a transition portion to span a distance between the top of the module and a board; and
a lower portion in electrical connection with a grounding pad on the board,
wherein either of said upper portion and said bottom portion comprises solder holes.
10. A method, comprising:
connecting a module to a board;
placing an upper portion of an electrically conductive grounding strip over said module;
spanning a distance between said upper portion and said board with a transition portion of said grounding strip; and
contacting a grounding pad on said board with a lower portion of said grounding strip.
11. The method as recited in claim 10 further comprising:
press fitting said upper portion to said module.
12. The method as recited in claim 10, wherein the upper portion projects in a first direction from the transition portion and the lower portion projects in a second, opposite direction from the transition portion.
13. A method, comprising:
connecting a module to a board;
placing an upper portion of an electrically conductive grounding strip over said module;
spanning a distance between said upper portion and said board with a transition portion of said grounding strip;
contacting a grounding pad on said board with a lower portion of said grounding strip; and
providing tabs on said lower portion to fit into registration holes in said grounding pad.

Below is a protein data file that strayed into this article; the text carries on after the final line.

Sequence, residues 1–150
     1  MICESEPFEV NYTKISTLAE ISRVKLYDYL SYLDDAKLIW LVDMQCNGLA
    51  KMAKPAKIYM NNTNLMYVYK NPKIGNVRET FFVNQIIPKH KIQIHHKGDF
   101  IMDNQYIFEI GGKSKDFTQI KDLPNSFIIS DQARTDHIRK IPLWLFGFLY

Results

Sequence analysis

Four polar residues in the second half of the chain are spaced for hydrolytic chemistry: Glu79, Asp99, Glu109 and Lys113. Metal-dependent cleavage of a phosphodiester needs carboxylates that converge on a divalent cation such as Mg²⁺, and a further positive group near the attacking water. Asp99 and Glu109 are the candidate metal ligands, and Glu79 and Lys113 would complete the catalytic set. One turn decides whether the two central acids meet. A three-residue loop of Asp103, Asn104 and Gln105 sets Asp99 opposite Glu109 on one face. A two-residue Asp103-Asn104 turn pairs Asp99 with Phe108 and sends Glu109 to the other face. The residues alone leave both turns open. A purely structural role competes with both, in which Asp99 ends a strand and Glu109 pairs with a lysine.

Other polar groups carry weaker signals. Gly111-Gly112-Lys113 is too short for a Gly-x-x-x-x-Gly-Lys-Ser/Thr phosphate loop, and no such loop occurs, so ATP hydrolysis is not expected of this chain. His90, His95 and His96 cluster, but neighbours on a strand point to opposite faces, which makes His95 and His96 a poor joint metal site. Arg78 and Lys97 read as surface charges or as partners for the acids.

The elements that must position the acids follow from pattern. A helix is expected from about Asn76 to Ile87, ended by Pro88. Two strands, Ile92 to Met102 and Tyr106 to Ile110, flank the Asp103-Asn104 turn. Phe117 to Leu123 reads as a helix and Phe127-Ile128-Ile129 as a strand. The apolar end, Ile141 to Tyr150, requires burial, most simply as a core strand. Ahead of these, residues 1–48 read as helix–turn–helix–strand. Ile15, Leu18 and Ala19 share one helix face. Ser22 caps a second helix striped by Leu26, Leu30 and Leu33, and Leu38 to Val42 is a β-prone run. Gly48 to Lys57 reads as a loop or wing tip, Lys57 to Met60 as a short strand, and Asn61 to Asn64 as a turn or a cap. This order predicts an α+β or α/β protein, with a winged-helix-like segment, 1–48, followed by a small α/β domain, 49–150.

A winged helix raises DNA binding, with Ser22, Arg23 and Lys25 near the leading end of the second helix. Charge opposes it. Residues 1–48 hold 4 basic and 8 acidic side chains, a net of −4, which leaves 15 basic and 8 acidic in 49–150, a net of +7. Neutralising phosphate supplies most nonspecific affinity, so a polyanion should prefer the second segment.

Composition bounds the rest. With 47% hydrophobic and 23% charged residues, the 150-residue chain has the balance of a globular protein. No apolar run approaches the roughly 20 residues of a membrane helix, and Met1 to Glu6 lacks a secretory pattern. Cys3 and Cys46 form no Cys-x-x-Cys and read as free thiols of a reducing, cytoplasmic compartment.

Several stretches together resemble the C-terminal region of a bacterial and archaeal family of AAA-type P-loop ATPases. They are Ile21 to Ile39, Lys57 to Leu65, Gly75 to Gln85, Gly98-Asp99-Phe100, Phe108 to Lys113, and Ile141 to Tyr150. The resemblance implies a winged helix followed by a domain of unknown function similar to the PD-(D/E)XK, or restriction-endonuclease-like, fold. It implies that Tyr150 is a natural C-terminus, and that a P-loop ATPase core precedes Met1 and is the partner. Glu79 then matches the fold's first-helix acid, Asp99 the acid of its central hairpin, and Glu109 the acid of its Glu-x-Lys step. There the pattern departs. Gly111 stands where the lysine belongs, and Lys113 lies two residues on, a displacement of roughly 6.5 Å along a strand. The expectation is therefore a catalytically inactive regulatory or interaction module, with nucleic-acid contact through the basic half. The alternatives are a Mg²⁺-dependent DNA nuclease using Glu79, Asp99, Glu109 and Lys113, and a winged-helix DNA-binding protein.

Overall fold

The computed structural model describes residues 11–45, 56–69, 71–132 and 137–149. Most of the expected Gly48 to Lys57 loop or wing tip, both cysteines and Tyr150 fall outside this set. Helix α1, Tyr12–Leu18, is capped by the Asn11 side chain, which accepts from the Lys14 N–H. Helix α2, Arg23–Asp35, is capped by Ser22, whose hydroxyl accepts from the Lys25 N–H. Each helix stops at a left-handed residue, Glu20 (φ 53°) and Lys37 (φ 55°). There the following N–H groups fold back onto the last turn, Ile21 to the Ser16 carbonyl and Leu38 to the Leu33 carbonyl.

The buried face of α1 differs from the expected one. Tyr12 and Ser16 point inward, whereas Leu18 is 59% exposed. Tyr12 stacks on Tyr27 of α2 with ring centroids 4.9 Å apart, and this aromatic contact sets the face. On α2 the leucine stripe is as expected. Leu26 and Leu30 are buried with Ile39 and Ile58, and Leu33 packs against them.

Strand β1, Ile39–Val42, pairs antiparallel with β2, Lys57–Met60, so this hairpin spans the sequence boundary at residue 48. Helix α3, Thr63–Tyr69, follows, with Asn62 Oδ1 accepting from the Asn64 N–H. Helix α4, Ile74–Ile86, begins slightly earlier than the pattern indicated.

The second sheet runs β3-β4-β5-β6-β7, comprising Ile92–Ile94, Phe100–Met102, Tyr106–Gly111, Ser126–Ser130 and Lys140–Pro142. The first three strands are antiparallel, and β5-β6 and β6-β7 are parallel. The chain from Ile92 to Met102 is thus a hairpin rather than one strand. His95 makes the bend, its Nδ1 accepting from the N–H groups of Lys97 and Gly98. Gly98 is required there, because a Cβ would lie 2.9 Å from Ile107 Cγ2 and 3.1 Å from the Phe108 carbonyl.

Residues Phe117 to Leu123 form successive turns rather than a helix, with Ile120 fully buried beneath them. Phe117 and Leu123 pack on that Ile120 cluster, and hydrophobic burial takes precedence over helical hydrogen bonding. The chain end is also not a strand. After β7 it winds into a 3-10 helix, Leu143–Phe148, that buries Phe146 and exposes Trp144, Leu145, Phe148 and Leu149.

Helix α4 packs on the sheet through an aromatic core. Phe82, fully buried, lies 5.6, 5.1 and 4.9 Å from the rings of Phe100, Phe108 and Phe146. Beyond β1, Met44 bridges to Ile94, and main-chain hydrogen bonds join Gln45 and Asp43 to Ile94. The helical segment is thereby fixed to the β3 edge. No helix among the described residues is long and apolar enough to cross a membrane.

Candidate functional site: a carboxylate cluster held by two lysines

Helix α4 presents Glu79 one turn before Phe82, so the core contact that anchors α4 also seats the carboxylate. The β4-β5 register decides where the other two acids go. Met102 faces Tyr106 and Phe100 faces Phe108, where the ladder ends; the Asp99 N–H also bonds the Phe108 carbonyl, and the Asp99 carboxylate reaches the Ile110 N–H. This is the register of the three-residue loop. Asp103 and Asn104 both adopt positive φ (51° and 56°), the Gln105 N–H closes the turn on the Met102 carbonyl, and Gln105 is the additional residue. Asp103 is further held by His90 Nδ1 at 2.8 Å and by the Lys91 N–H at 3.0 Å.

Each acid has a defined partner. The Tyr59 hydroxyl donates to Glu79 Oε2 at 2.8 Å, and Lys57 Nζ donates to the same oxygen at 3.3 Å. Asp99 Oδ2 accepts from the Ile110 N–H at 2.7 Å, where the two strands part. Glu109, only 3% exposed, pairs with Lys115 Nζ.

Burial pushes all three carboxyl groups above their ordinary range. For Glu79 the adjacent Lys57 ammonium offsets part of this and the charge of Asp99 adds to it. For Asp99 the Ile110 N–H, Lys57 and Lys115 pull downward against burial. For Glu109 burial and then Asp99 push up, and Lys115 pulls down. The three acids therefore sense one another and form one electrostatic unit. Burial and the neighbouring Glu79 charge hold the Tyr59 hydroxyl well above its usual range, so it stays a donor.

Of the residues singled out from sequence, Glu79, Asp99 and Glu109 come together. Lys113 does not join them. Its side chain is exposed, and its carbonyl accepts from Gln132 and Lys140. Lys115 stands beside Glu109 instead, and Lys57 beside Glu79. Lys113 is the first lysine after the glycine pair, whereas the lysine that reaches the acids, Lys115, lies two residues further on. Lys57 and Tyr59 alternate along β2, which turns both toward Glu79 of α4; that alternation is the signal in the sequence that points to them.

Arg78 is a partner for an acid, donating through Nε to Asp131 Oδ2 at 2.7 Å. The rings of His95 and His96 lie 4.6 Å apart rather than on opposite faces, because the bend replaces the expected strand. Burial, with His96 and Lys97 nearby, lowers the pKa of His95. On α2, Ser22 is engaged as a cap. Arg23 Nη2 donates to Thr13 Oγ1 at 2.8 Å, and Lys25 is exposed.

14. A method, comprising:
connecting an module to a board;
placing an upper portion of an electrically conductive grounding strip over said module;
spanning a distance between said upper portion and said board with a transition portion of said grounding strip; and
contacting a grounding pad on said board with a lower portion of said grounding strip; and
creasing an area of said grounding strip between said upper portion and said transition portion.
15. The method as recited in claim 14, further comprising:
creasing an area of said grounding strip between said transition portion and said lower portion.
16. The method as recited in claim 15, further comprising:
perforating said creased area of said grounding strip between said transition portion and said lower portion.
17. The method as recited in claim 14, further comprising:
perforating said creased area of said grounding strip between said upper portion and said transition portion.
18. An optical transceiver system, comprising:
a board;
an optical transmitter connected to said board;
an optical receiver connected to said board;
a first grounding strip comprising a upper portion to fit over a top of said optical transmitter, a transition portion to span a distance between the top of said optical transmitter and said board, and a lower portion in electrical connection with a first grounding pad on the board;
a second grounding strip comprising a upper portion to fit over a top of said optical receiver, a transition portion to span a distance between the top of said optical receiver and said board, and a lower portion in electrical connection with a second grounding pad on the board.
19. The optical transceiver system as recited in claim 18, further comprising:
thermal pads between said first grounding strip and said second grounding strip and a cover of said optical transceiver.
20. The optical transceiver system as recited in claim 19, wherein said first and second grounding strips each comprising:
a first crease area between said upper portion and said transition portion;
a second crease area between said transition portion and said lower portion.
21. The optical transceiver system as recited in claim 20 wherein said first and second grounding strips each further comprise: